December 13, 2017

FDA Not Keeping Up with FSMA Foreign Inspection Law

A report released last week by the Government Accountability Office says that the FDA has to do more about inspecting food facilities in countries that export that food to the United States. The GAO studied the FDA’s foreign offices in 2010 and found that they have a too heavy workload. A follow-up report found that the FDA is not inspecting enough facilities as mandated by the Food Safety Modernization Act of 2011.

FDAThe FDA is supposed to inspect 600 foreign food facilities in the first year after FSMA was signed into law and, for each of the next five years, inspect at least twice the number of firms inspected the previous year. According to those calculations, the government should have inspected 4,800 facilities last year, but only conducted 1,323 inspections.

The report states, “FDA officials told us that the agency has not met – and is not planning to meet – the FSMA mandate. They questioned the usefulness of conducting the number of inspections mandated by FSMA.”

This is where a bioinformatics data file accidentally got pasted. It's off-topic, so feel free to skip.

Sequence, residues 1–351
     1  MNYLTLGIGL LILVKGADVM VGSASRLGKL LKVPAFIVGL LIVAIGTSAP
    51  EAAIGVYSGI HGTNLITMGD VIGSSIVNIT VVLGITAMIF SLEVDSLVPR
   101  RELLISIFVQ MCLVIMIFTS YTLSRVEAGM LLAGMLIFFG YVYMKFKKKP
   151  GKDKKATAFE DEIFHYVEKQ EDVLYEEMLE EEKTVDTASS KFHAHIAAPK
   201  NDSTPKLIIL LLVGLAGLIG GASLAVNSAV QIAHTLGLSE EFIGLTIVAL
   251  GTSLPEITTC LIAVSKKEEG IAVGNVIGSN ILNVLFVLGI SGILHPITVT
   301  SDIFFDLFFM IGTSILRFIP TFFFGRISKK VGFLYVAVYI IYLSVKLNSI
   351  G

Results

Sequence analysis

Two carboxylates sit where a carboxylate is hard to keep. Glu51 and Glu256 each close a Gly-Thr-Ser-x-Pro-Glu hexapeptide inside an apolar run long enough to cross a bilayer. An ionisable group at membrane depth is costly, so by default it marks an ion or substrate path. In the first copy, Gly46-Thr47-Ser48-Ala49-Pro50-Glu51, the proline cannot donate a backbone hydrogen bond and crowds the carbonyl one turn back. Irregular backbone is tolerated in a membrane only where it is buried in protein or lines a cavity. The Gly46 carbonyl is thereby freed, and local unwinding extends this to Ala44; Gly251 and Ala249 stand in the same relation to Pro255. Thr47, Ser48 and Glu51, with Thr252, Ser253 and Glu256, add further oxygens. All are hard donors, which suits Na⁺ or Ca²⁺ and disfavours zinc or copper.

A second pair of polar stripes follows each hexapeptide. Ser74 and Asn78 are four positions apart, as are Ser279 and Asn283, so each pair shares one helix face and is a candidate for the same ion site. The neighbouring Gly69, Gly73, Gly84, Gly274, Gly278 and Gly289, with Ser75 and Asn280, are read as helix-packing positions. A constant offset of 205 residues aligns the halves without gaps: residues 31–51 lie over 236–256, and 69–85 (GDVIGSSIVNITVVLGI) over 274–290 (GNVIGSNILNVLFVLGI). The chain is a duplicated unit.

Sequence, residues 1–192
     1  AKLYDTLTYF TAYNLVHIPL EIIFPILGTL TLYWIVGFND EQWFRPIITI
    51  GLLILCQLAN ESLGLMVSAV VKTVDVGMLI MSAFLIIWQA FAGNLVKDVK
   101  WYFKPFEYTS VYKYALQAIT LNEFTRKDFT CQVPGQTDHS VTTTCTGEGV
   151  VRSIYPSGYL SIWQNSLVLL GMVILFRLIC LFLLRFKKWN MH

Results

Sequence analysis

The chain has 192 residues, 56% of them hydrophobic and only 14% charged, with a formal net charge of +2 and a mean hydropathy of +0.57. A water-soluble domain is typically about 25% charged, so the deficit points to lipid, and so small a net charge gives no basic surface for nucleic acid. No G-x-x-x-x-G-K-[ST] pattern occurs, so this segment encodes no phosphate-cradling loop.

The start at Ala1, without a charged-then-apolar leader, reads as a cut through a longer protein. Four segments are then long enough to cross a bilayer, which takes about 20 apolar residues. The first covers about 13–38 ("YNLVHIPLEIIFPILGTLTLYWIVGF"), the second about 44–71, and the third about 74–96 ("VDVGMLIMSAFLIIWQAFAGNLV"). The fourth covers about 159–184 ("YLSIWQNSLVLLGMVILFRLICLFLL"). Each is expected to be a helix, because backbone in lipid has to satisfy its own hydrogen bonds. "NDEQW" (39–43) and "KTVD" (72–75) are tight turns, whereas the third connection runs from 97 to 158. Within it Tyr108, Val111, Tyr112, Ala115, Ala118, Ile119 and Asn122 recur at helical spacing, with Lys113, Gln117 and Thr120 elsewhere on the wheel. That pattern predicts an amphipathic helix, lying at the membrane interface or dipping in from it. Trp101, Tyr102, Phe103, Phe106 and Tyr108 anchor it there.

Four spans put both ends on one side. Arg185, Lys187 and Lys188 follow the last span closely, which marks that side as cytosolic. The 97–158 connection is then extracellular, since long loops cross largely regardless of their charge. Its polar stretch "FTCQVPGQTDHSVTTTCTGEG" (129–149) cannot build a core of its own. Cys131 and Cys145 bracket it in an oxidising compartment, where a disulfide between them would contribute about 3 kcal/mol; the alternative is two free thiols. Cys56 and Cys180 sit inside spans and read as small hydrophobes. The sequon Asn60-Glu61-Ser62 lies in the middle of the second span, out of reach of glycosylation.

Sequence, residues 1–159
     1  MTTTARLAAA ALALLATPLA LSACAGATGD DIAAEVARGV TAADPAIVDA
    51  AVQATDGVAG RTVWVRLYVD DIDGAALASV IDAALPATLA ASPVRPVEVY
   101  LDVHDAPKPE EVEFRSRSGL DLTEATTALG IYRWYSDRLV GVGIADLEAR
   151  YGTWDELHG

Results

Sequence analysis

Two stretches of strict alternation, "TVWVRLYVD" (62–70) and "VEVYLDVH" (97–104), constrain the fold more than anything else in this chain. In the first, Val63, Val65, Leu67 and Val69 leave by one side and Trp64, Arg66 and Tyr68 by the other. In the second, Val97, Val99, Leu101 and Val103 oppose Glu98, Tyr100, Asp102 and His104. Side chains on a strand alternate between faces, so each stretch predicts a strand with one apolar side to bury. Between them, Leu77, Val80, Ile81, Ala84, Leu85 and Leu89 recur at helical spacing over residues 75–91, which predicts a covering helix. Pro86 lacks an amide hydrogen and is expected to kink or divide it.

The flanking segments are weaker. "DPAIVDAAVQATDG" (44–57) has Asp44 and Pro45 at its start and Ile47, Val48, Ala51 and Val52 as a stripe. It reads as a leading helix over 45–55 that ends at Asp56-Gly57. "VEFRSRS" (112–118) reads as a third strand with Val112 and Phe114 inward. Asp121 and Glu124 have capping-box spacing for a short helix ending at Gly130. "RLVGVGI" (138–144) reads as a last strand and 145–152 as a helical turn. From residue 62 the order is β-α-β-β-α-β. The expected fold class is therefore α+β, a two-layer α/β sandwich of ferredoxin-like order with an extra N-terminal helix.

FDA is charged with ensuring the safety and proper labeling of more than 80% of the country’s food supply. Imported food amounts are increasing rapidly. In 2008, foreign offices were established to help prevent unsafe food from being imported into the US.

While the FDA disagrees with the FSMA mandate, they do not know how many inspections every year would keep our food supply safe. The GAO recommends that FDA complete an analysis to determine the number of foreign food facility inspections that is “sufficient to ensure comparable safety of imported and domestic food.”

 

 

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